From Joseph C. Cabell
Edgewood. 4th Augt 1816.
I beg you to accept my sincere thanks for your favor of the 13th inst, and for the communication of the accompanying letter on the propriety of calling a convention to amend the constitution of Virginia. The information you give me on the subject of Hedges is very acceptable; it will exempt me from the mortification of failures in experiments that extend thro so large a portion of human life. I have about a half bushel of Holly seed now lying in my garden undergoing the process of preparation for the seed bed—but since the receipt of your letter I have determined to throw them aside, or to make but very small use of them. I shall direct my future attempts in this line towards the thorn, & to the variety you recommend, unless I should be able to procure that of which mr Jefferson Randolph Speaks so highly, for which purpose I have sent him the enclosed letter of enquiry. I presume he alludes to a Thorn in the old fields about Hendrick’s Tavern, the strength & density of which have frequently been mentioned to me by gentlemen who had been travelling that way. It is not certain, altho’ it is probable that maine’s Recipe will succeed with all the different thorns.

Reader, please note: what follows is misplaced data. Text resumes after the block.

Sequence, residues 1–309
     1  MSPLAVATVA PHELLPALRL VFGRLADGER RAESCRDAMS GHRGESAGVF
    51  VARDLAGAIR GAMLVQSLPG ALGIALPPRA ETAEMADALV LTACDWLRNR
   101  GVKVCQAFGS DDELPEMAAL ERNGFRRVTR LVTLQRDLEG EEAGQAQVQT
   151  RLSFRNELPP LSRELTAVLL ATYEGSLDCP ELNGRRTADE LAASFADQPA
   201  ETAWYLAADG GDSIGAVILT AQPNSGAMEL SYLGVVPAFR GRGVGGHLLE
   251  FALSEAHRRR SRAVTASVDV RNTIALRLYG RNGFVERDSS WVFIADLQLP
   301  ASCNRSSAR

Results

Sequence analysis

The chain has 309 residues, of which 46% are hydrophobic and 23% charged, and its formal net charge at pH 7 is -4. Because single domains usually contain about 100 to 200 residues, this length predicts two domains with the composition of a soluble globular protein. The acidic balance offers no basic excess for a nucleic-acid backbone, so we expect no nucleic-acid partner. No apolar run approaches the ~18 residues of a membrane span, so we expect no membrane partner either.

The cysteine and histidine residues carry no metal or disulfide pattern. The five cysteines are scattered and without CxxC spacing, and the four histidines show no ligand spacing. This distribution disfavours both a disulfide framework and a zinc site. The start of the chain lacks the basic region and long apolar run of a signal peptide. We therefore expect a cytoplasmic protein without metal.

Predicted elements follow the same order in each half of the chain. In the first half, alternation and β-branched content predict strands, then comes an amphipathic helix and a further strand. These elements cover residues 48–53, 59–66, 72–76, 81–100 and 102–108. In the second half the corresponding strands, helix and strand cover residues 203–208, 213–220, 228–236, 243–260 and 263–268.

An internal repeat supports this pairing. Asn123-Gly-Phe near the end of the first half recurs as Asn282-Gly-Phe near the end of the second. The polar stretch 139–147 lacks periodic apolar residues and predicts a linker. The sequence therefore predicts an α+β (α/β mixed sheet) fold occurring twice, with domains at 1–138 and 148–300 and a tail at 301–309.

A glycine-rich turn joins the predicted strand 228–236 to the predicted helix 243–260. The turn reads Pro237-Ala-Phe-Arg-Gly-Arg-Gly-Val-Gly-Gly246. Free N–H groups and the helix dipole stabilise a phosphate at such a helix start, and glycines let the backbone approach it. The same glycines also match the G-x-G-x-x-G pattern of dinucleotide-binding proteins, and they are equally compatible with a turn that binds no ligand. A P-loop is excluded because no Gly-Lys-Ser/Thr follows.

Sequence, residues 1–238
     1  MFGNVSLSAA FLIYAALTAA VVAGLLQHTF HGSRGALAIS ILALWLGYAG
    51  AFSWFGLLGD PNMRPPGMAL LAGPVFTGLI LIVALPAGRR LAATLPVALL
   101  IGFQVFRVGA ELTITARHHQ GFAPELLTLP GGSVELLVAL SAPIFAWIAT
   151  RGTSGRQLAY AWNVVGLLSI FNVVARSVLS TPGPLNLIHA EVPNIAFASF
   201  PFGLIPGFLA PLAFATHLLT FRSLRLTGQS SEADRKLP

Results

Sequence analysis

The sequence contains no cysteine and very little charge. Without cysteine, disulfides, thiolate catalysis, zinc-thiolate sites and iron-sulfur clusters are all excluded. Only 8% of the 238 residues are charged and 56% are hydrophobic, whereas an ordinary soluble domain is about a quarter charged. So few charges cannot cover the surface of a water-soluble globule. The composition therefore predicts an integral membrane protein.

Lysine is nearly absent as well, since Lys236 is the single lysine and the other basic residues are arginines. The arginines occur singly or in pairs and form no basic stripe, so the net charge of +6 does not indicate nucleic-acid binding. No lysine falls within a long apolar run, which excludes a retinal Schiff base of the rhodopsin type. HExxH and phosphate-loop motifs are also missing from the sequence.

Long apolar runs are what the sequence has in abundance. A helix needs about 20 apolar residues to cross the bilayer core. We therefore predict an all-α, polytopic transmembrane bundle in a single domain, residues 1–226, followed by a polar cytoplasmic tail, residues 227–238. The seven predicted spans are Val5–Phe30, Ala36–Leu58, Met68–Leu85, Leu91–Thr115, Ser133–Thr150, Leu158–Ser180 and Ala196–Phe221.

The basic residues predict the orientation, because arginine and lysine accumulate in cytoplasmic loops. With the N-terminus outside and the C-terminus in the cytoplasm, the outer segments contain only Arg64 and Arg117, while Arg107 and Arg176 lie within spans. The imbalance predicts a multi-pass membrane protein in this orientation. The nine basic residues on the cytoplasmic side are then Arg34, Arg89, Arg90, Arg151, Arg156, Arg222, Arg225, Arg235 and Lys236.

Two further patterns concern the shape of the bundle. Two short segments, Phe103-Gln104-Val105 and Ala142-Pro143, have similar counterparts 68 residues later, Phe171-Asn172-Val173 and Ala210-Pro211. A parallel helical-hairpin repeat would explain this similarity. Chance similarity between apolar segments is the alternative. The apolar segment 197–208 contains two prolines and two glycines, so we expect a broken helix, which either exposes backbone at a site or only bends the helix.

I have written to mr meriwether on the subject of surveying this county. The law authorizing a chart of the State passed hastily thro’ both Houses of Assembly, at the close of the session, and is defective. I regret that the county Courts have any thing to do with the business: for tho’ some may make judicious contracts, I am confident many of them will employ incompetent agents, and the map will be a half formed party colored affair. In my opinion, it would be a commendable course, if the executive would defer acting on any of the contracts till the meeting of the Assembly, when we might amend the Law, by appointing a Surveyor General, who with the aid of deputies chosen by himself under proper checks, would make a map of which the State might justly be proud. If, as is to be apprehended, this well intended scheme, should be spoilt in the execution, the people, already dissatisfied with so large an appropriation for such an object, may in a fit of disgust, insist on the repeal of the Law for internal improvement. The difficulties which must, by this time, have been encountered in every county of the state, in the attempt to procure suitable agents, have probably prepared the public mind for such an exercise of power on the part of the executive. I have written nothing on this subject, as any suggestions of mine would be entitled to but little attention on the part of the Executive: but I wish some gentleman possessing the confidence of the Executive would take the subject in hand.